Communities: Charities and Volunteers

Part of the debate – in the House of Commons at 5:58 pm on 13th February 2019.

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Photo of Thelma Walker Thelma Walker Labour, Colne Valley 5:58 pm, 13th February 2019

It has been said that volunteering is the ultimate exercise in democracy: we vote in elections once a year perhaps, but when we volunteer we vote every day about the kind of community we want to live in. I am sure I speak on behalf of many Members in saying it is a privilege to see and support the fantastic charitable work taking place in my constituency of Colne Valley, across Kirklees and across the country. Volunteers are people who through their actions make a commitment to the kind of community they want to be a part of: a community that is a friend to those facing isolation, that advocates for those without a voice, and that helps to feed families in need at the most difficult times. The dedication and commitment these volunteers and charitable workers have to this vision of a better society is invaluable.

I want to use my time today to thank just a few of the people doing brilliant work in Colne Valley and throughout Kirklees. I recently visited Clare House, a development aimed at tackling homelessness by providing accommodation and supporting residents with complex needs. In addition to providing a safe environment, Clare House offers the time and resources to help people to rebuild their lives. It is supported by Kirklees Council, but many volunteers also support it by donating their work and time.

A number of groups are also working to ensure that those in need have enough food for their families, and I have seen at first hand the wonderful work being done by the Welcome Centre, the Mission, the Women’s Centre, Holmfirth food bank and the Fit and Fed programme. The warmth of the Colne Valley people is also seen in the local groups aiming to tackle social isolation, including Clem’s Garden and Friend To Friend. In the true spirit of our local community, people are reaching out to one another to share experiences and to form friendships. Destitute Asylum Seekers Huddersfield, where I was once a volunteer myself, has turned around the lives of many who have experienced displacement and trauma. Ruddi’s Retreat and Waves are both charities supporting vulnerable children and their families. There are too many others to mention, but I am grateful to them all for their hard work and community spirit.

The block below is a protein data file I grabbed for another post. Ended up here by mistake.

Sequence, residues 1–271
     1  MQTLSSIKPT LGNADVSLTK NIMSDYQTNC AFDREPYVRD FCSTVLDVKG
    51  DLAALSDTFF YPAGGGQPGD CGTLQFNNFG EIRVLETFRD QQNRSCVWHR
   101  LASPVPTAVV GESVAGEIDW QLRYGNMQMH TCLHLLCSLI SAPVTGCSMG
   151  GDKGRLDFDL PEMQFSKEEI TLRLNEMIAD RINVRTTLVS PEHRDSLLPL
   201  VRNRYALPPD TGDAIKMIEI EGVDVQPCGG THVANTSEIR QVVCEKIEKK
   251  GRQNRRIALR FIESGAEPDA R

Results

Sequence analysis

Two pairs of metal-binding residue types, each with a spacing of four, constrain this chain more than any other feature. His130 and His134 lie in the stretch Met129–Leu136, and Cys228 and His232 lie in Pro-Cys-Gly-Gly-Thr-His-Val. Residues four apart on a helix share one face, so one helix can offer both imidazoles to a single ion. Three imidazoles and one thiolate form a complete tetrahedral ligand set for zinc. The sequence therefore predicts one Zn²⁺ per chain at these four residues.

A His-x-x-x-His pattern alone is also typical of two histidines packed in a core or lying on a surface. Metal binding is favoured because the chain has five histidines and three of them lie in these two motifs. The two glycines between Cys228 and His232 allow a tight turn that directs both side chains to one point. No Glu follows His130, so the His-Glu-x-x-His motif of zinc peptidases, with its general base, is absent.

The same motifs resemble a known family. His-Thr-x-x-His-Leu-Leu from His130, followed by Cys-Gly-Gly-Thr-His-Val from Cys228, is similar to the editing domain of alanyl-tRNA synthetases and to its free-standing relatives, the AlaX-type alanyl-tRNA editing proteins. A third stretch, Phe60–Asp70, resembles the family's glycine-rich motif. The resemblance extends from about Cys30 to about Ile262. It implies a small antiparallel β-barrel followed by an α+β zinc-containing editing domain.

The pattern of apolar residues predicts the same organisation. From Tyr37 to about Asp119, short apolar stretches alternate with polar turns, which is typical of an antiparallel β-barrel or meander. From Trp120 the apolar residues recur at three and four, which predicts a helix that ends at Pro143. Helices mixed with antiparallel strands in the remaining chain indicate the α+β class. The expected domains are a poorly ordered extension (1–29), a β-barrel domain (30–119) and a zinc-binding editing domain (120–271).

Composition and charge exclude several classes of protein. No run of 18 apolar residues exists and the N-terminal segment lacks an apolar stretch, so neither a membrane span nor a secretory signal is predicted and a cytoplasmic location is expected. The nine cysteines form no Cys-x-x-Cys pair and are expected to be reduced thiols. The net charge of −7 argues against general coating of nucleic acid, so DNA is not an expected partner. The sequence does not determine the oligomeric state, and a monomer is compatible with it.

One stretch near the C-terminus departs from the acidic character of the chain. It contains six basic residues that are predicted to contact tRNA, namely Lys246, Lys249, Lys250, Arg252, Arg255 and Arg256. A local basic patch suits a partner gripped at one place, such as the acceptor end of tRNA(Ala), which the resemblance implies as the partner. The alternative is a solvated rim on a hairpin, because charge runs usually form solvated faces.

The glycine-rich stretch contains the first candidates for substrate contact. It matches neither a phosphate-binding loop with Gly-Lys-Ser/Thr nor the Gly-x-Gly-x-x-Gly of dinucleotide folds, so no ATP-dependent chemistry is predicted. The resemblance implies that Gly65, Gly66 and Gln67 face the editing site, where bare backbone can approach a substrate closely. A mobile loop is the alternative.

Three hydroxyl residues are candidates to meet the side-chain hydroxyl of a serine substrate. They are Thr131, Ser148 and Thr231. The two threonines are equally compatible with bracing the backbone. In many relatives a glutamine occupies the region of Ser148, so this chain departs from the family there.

All these charities, and the work they do, help to provide a safety net for vulnerable people. I have seen this need grow and grow in the past eight years as austerity has pushed more and more people into poverty and difficult circumstances, but here’s the thing: I actually do not believe in relying on charity. If the Government are doing their job properly, people should not need to rely on voluntary support. These groups should not be stretched beyond capacity, and workers should not feel pressured to provide support when the Government fall short. Food bank usage should not be at its highest rate on record, homeless people should not be dying on our streets, and over 4 million children should not be living in poverty. A Government should provide access to quality education, healthcare, social care and housing for every citizen; that is their right in a civilised society. That is what I believe in, and it is what I will continue to fight for. In the meantime, I will continue to admire and support those who give up their time and resources to help others.